Here are some of Babil's previous posts, in which he shared anecdotes about Irrfan Khan as an actor and a father:

5 years too much, And now you're a stranger 5 years in love, Pickin straws out the haystack Flicking through the picket pages Of the books I never read through. And that's just one half of it The other half is you, Gleaming through the wicked winter moon, I wish I could fit in your shoes. You have gone so far away. And I'm always just a little too late. Plucking the strings of my sitar to soothe, These Monday morning blues And I carried on like the wayward son, In the wayward sun, but I found myself roaming the wastelands. I was high, when I witnessed my mother cry. I might never win. For, never will forget me, the unforgivable sin. Blood on her lips, crippled my heart. Pierced my soul like an adamant dart. Ma, my ma, tell me you love me too. Ma, my ma, I would give it all for you. (Yo bro, u know I love you more than life itself. ) @sikdarsutapa

A post shared by Babil Khan (@babil.i.k) on

You know one of the most important things my father taught me as a student of cinema? Before I went to film school, he warned me that I'll have to prove my self as Bollywood is seldom respected in world cinema and at these moments I must inform about the indian cinema that's beyond our controlled Bollywood. Unfortunately, it did happen. Bollywood was not respected, no awareness of 60's - 90's Indian cinema or credibility of opinion. There was literally one single lecture in the world cinema segment about indian cinema called 'Bollywood and Beyond', that too gone through in a class full of chuckles. it was tough to even get a sensible conversation about the real Indian cinema of Satyajit Ray and K.Asif going. You know why that is? Because we, as the Indian audience, refused to evolve. My father gave his life trying to elevate the art of acting in the adverse conditions of noughties Bollywood and alas, for almost all of his journey, was defeated in the box office by hunks with six pack abs delivering theatrical one-liners and defying the laws of physics and reality, photoshopped item songs, just blatant sexism and same-old conventional representations of patriarchy (and you must understand, to be defeated at the box office means that majority of the investment in Bollywood would be going to the winners, engulfing us in a vicious circle). Because we as an audience wanted that, we enjoyed it, all we sought was entertainment and safety of thought, so afraid to have our delicate illusion of reality shattered, so unaccepting of any shift in perception. All effort to explore the potential of cinema and its implications on humanity and existentialism was at best kept by the sidelines. Now there is a change, a new fragrance in the wind. A new youth, searching for a new meaning. We must stand our ground, not let this thirst for a deeper meaning be repressed again. A strange feeling beset when Kalki was trolled for looking like a boy when she cut her hair short, that is pure abolishment of potential. (Although I resent that Sushant's demise has now become a fluster of political debates, but if a positive change is manifesting, in the way of the Taoist, we embrace it.)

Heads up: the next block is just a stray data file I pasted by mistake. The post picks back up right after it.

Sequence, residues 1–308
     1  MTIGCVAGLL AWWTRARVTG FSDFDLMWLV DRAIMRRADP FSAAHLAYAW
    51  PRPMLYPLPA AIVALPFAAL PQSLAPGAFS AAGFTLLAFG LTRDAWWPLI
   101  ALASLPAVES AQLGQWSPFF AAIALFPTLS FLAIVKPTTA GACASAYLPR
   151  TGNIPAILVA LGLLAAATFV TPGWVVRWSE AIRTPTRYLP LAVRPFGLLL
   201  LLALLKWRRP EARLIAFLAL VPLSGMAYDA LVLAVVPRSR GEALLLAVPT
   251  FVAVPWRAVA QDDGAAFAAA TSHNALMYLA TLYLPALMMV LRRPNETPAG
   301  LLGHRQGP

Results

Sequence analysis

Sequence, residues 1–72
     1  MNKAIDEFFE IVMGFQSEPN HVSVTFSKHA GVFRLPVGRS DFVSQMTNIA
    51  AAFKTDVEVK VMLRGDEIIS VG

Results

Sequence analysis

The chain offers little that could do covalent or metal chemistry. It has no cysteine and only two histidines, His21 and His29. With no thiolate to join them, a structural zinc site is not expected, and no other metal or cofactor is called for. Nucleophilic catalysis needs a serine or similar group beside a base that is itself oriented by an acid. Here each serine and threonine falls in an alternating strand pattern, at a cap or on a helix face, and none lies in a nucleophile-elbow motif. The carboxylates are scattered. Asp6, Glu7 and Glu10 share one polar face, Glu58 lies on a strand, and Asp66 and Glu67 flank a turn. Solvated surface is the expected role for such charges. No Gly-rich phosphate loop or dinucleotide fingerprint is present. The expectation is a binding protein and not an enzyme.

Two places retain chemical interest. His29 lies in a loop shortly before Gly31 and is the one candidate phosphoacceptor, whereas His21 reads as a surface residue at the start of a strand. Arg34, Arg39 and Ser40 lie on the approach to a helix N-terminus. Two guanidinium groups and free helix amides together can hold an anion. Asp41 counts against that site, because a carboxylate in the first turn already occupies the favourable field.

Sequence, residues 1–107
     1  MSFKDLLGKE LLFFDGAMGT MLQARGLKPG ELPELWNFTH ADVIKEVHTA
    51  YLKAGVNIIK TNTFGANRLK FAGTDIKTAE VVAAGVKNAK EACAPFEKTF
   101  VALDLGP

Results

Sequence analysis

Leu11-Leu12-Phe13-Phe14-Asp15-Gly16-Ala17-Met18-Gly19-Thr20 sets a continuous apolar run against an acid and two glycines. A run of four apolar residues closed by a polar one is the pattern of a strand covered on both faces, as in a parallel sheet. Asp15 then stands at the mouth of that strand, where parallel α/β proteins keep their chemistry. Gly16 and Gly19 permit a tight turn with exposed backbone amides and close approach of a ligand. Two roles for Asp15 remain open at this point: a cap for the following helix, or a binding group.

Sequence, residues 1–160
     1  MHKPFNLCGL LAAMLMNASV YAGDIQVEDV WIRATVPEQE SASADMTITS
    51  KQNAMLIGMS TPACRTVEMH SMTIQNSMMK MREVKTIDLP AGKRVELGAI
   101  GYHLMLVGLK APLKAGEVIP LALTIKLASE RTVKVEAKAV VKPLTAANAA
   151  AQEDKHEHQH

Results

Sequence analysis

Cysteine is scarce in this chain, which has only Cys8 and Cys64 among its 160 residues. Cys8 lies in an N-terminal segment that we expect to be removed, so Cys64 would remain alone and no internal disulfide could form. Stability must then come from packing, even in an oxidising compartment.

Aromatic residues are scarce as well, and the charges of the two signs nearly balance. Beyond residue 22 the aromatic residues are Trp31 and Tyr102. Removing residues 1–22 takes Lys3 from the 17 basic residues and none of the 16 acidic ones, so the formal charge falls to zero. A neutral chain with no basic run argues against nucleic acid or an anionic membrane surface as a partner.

A post shared by Babil Khan (@babil.i.k) on

Irrfan Khan's son Babil recently featured in headlines for sharing several emotional thoughts on Instagram, writing about not wanting to be judged on the basis of religion. "Don't judge me by my religion," read one of his many Instagram stories. Babil is the elder of Irrfan Khan's two sons with wife Sutapa Sikdar.